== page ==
The definition of money is equally mind blowing as it is difficult to pin down. Every single day, there are changes being made to the monetary value of our money, and there are even new forms of money being placed into circulation throughout the economies of the world. All in all, there will never be a day that money can be described as anything other than a completely man made and defined way to perceive value.

References

Friedman, Milton. “The Island of Stone Money.” Diss. Hoover Institution, Stanford University , 1991.

Renaut, A. (2013, April 13). The bubble bursts on e-currency Bitcoin. Retrieved February 16, 2021, from https://sg.news.yahoo.com/bubble-bursts-e-currency-bitcoin-064913387–finance.html

Glass, I. (2018, February 19). The Invention of Money. Retrieved February 16, 2021, from https://www.thisamericanlife.org/423/the-invention-of-money

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8 Responses to Stone Money – iwantpopsicle

  1. davidbdale says:

    First sentence: There truly is no such thing as “money”.
    Periods and commas ALWAYS ALWAYS ALWAYS ALWAYS ALWAYS go inside the quotation marks. (Except in England, but we waged a war to earn the right to punctuate as we choose.)

    Corrected:
    There truly is no such thing as “money.”

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  2. davidbdale says:

    You don’t repeat the words, but you do express the same concept three times in your introduction, Pop. It’s good material, but about 25% wordy.

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  3. davidbdale says:

    Your second paragraph draws a nice parallel between fei stones and modern currency transactions but misstates the similarities in two ways.
    1. Friedman says “without so much as a mark,” which you have misinterpreted to mean that the Yap marked the stones. They did not. (When the Germans DID mark the stones, it was to deprive them of value, to cancel them.)
    2. The paper check that you compare to the fei stone is just a promise of cash. That’s why we have to “cash” our checks to turn them into money. The fei stones were actually money.

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  4. davidbdale says:

    Bitcoin and fei have something surprising in common. Their value (if they have any) is justified by the amount of effort expended in securing them. In a way, you could say they have value the same way art has value. The talent and effort of creating them produces their value.
    —The limestone quarries were 400 miles from Yap, so only a wealthy person could afford to send a crew of miners across the sea in several boats to cut and shape and smooth and polish the stones and return them to Yap as finished currency.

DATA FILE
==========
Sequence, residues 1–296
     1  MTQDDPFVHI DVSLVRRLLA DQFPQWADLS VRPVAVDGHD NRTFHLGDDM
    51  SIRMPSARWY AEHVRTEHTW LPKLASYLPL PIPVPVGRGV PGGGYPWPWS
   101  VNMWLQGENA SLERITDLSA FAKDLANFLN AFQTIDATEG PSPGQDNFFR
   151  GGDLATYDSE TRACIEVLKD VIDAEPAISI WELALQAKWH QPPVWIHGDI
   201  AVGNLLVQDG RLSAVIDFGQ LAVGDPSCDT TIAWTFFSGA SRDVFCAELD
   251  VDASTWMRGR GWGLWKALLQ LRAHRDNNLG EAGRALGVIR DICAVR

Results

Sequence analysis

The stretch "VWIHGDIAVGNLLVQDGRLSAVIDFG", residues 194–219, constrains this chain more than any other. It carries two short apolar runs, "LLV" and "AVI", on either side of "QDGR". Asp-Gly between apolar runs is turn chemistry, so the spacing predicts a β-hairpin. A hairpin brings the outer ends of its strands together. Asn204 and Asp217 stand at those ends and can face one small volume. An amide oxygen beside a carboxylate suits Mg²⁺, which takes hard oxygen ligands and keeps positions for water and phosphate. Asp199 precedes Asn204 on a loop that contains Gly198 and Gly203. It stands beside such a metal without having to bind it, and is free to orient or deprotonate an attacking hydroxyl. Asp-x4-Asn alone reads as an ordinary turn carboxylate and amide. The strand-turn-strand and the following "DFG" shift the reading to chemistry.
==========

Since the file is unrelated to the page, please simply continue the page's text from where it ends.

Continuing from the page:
—Bitcoin are “mined” by solving very complex equations that require an immense amount of computing power. The coins, limited in number to assure their rarity, are released to anyone who successfully solves the equation, but the wealthy are pressing their advantage by building massive mining facilities wherever the climate is cold and electricity is cheap. Here’s what they look like inside:

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  5. davidbdale says:

    Oddly, Bitcoin is currently benefiting from inflation in a peculiar way. Its built-in scarcity, the difficulty of generating more of it, combined with a wakening demand from investors who are increasingly wary of other world currencies threatened by the pandemic, are all combining to make the demand for Bitcoin far outstrip its supply. This classic description of the reason for inflation applies to currencies as much as other commodities.

    As you say, Bitcoin “has a price in dollars” just as it has a price in every world currency that wants to buy or sell Bitcoin. Similarly, the US dollar has a price in Ruan, and in Yen, and in Pounds, etc. and, just as Bitcoin’s does, its price changes daily against all world currencies.

    How if at all does that alter your remarks about Bitcoin and inflation in the two paragraphs where you discuss the two together?

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  6. davidbdale says:

    If I were planning a rewrite of this essay of yours, Pop, I’d shift the focus completely from “the abstract nature of money” to “the peculiar effect of money supply on inflation.” It’s the theme that runs through your paragraphs most reliably and seems to interest you the most.

    Surely, every time a new shipment of fei arrived from the faraway island where they were mined and produced, the value of the other fei already on Yap declined, right? The old stones didn’t get any smaller, but they did suddenly become less rare.

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  7. davidbdale says:

    I’ve graded your post at Canvas, Pop. No rewrite is required, but you’ve shown me enough skill that I believe you could clearly make this better. You may, if you wish, for one week, respond to this feedback by revising your post for a Regrade. You will receive no further feedback since you didn’t request any before grading. But if you want to try your luck, make significant revisions and place this post into the Regrade Please category within one week starting now.